Evil Nine's 2nd artist album effort They Live! is direct effort to ride the "zombie" theme to the max, as it features a plethora of undead cover art, dark death-marching beats, and even samples quoting various zombie film classics. Some may find this entertaining, but frankly, I was bored.
Evil Nine's debut CD
Of course, on their 2004 debut, You Can Be Special Too, the general sound was good, but it lacked anything unique or "special," to quote the title track. They Live! finds Evil Nine developing their identity more and discovering a certain style of 80s-style electro, scary sound effects and some technologically-tweaked vocals.
On the opener, I felt brains being devoured on "Feed on You," with eerie synths accompanying a marching beat. Its sci-fi beginning is overshadowed with minor (darker) sounding chords, giving the listener the mental picture of undead bodies emerging out of a cemetery, as if from the opening of a zombie movie. Thus, the mood of this bizarre album begins.
A "cinematic" Evil Nine album
As a whole, the album is cinematic, and sometimes references not only the horror/zombie genre but even specific films. The title track features simplistic synthesizer arrangements put over an 80's type robotic-voice, announcing hypnotic statements over and over again. Then the short & creepy "Ngempa Guzom" and "How Do We Stop the Normals?" takes the 8-bit keyboard sound and shoves it into a housey track that'll make you "stomp" your feet a bit. On "Dead Man Coming," the duo starts sampling their favorite horror films as a backbone to a dancehall rap. Some of the music from the sampled low-budget horror films works decently as electro. Then, El-P drops by for the bass-heavy "All the Cash," and it becomes a powerful moment with a solid rap.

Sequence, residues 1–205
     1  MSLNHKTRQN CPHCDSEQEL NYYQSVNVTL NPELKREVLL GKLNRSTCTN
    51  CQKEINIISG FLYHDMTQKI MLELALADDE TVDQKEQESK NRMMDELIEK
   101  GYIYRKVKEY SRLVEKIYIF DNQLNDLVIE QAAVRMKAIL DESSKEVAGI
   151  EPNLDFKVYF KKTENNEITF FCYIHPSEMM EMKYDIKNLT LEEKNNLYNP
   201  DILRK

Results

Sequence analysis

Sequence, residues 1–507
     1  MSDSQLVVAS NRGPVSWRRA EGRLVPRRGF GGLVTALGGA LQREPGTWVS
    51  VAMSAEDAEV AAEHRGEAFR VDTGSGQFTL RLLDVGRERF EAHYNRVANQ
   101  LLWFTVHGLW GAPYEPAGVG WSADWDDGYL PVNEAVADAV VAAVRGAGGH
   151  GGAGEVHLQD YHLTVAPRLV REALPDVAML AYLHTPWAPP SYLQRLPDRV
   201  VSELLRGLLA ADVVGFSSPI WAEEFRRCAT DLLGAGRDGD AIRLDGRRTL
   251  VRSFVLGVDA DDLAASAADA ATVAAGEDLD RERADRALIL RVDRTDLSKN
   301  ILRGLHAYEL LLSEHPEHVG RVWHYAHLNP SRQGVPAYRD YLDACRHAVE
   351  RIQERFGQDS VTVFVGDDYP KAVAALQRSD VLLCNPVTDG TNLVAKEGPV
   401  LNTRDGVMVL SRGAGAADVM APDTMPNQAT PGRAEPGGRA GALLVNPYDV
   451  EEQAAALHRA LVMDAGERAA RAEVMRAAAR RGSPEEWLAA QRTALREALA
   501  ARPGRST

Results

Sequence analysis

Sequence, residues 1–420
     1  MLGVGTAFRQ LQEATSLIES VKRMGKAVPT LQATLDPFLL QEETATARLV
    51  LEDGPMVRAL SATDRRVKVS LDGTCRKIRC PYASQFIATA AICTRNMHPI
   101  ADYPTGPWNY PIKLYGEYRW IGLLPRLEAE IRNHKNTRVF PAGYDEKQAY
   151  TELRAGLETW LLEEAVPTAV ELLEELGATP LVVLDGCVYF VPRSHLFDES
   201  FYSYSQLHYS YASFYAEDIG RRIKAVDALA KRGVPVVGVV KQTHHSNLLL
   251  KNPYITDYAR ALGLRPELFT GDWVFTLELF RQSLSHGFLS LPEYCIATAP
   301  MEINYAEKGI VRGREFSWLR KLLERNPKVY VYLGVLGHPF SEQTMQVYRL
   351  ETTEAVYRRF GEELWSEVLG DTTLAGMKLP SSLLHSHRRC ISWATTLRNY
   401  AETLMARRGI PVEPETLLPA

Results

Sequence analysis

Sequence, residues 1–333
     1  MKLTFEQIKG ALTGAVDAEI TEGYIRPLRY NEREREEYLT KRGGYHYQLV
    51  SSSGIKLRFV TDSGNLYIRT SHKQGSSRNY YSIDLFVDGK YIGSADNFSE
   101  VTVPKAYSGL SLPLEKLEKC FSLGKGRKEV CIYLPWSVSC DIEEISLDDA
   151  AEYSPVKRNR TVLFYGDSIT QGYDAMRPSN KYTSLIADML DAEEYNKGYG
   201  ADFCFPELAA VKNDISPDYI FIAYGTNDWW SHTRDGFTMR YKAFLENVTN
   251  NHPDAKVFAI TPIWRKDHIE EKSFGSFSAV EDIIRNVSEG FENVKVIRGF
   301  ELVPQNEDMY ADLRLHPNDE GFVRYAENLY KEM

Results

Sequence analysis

What is less successful is the strange keyboard arrangement on "Born Again" or the overly poppy "The Wait," whose male vocals are irritating. For most of They Live!, Evil Nine stick to their guns and promote their love of the darker side. What makes it unique is that horror themes are usually assigned death metal, so it's somewhat refreshing to see artists from another genre tackle it..
Summary of Evil Nine's 'They Live!'
Overall, I tried to get into the darker mood of this silly selection, but I found myself wanting to hear more sincere synthesized sound, not dramatic orchestral hits that clang and shimmer without substance or justification. This kind of "playing" on instruments seems too sophomoric, perhaps appropriate for a "second" album.
Released October 2008 on Marine Parade Records.